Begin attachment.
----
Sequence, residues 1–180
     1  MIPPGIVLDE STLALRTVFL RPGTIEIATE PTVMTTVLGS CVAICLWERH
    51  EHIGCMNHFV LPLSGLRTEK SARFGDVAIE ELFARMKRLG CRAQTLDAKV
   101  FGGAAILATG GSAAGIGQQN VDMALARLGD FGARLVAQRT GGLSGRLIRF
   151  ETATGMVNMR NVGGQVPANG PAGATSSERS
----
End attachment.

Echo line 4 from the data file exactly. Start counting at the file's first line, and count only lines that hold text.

   101  FGGAAILATG GSAAGIGQQN VDMALARLGD FGARLVAQRT GGLSGRLIRF